With its freezing weather, ice and snow, winter is not necessarily the best time of year for smartphones; there are many dangers for these expensive gadgets. However, these handy tips and tricks will definitely help you get your smartphone through the winter unscathed.
Winter is coming. It's not just Game of Thrones fans that feel a shiver down their spine when they hear this; a lot of people don’t like winter – and nor do tech gadgets. But as explorer Ben Saunders has shown with his Galaxy A5 while traveling to the South Pole, your smartphone doesn’t need to take damage in the winter when used properly.
Always keep it close to your body
The important thing in crisp, cold, sub-zero weather is to do your best to keep your smartphone from cooling down. As such, you should not put your smartphone in your handbag or backpack, but as close as possible to your body, such as the inside pocket or in your pant pocket. However, winter sportsmen should be aware that a smartphone can become an additional safety hazard and cause injuries if you crash, so make sure that everything is well-padded when going on daring adventures.
LCD-based displays in particular are vulnerable to the cold. The liquid crystals are quite capable of freezing and, at the very least, temporarily limit the display and permanently damage it in case of ongoing coldness. OLED panels do not have this problem, but are not designed for extreme cold either. Thus, if you want to protect your display, only use your phone in extreme cold in emergencies and as briefly as possible.
Batteries do not like sub-zero temperatures
Apart from the display, the battery in particular is a smartphone component that is especially harmed by the cold, and capacity is noticeably reduced in a cold environment. Furthermore, connecting the battery to the charger while ice cold is harmful for it. As such, you should only charge the smartphone when it has reached its normal temperature again. If you use your smartphone as a GPS when driving your car, think about taking it with you if you are leaving your car parked for a while. Cars cool very quickly when the engine isn’t running, turning them into a smartphone refrigerator in the winter.
In addition to the cold, the second biggest problem is moisture. It rains and snows during the winter and slush, puddles, drops, and ice are all things that are not good for your smartphone, but you can adequately protect it with a waterproof case and a bit more precaution than normal. But there is a hidden danger: moisture from condensation. It quickly forms when you suddenly heat up a cold object—people who wear glasses can tell you all about it. Thus, you should generally give your smartphone time to defrost and by no means leave it on the heater or even defrost it with a hair dryer – the display glass can also crack as well. We recommend waiting at least a half hour until using your smartphone again after venturing into the ice and snow and simply let it sit still or put it in your pocket for that amount of time.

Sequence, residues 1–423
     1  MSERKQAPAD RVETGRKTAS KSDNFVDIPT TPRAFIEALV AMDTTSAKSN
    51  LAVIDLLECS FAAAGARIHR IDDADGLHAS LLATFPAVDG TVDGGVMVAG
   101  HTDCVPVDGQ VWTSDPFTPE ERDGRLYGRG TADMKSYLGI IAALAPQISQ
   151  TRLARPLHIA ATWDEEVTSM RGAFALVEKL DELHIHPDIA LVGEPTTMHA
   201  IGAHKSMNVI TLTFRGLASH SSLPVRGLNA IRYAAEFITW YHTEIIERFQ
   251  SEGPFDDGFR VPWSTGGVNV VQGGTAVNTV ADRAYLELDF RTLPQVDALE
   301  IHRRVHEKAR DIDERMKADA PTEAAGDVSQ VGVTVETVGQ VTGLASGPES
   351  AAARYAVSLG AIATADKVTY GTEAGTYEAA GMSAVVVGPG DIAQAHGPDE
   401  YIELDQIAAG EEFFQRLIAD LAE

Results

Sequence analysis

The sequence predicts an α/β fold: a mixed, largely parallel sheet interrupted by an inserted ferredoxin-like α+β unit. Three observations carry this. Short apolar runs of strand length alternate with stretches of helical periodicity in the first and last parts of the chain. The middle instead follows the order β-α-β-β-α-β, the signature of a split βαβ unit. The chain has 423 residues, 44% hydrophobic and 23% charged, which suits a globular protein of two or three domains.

Surprise, surprise: cases provide protection
A protective case should practically be mandatory in winter, since it dramatically reduces the hazard when falling. If you slip on snow and ice, you generally drop your smartphone, too. Furthermore, thick gloves do not ensure a tight grip. With the right case, the smartphone is better protected from falls, but, in many cases, it is also better protected from moisture. A common misperception: Unlike gloves and socks on people, smartphone cases do not continuously keep the device warm, because to do so, the smartphone itself needs to emit heat that the material can reflect. At some point, your smartphone with a case is just as cold as without one.
Speaking of gloves: Many smartphones now offer a glove mode for operation, which can mainly be turned on and off in the settings, and which is simply nice to have in wintry weather. However, this generally affects the accuracy of touch inputs, and you furthermore can’t use the fingerprint sensor for unlocking either. If you have a Smartphone with face unlock like the OnePlus 5T, consider yourself lucky.
Take anything you can out
If your smartphone gets wet or shows signs of moisture on the inside of the display glass, you’d better act quickly. We recommend quickly removing the SIM and memory card and leaving the slot open so that the moisture can escape. If the smartphone has a removable battery, you need to quickly take that out, too, but since many smartphones now have sealed batteries, you can only remedy the situation at first by turning it off. The smartphone should be given at least one day to dry off. Even if it works again, damage via corrosion can form, which won’t be noticeable until later.
Has your smartphone already become a victim of this rough winter? Do you have any more tips on surviving the freezing weather?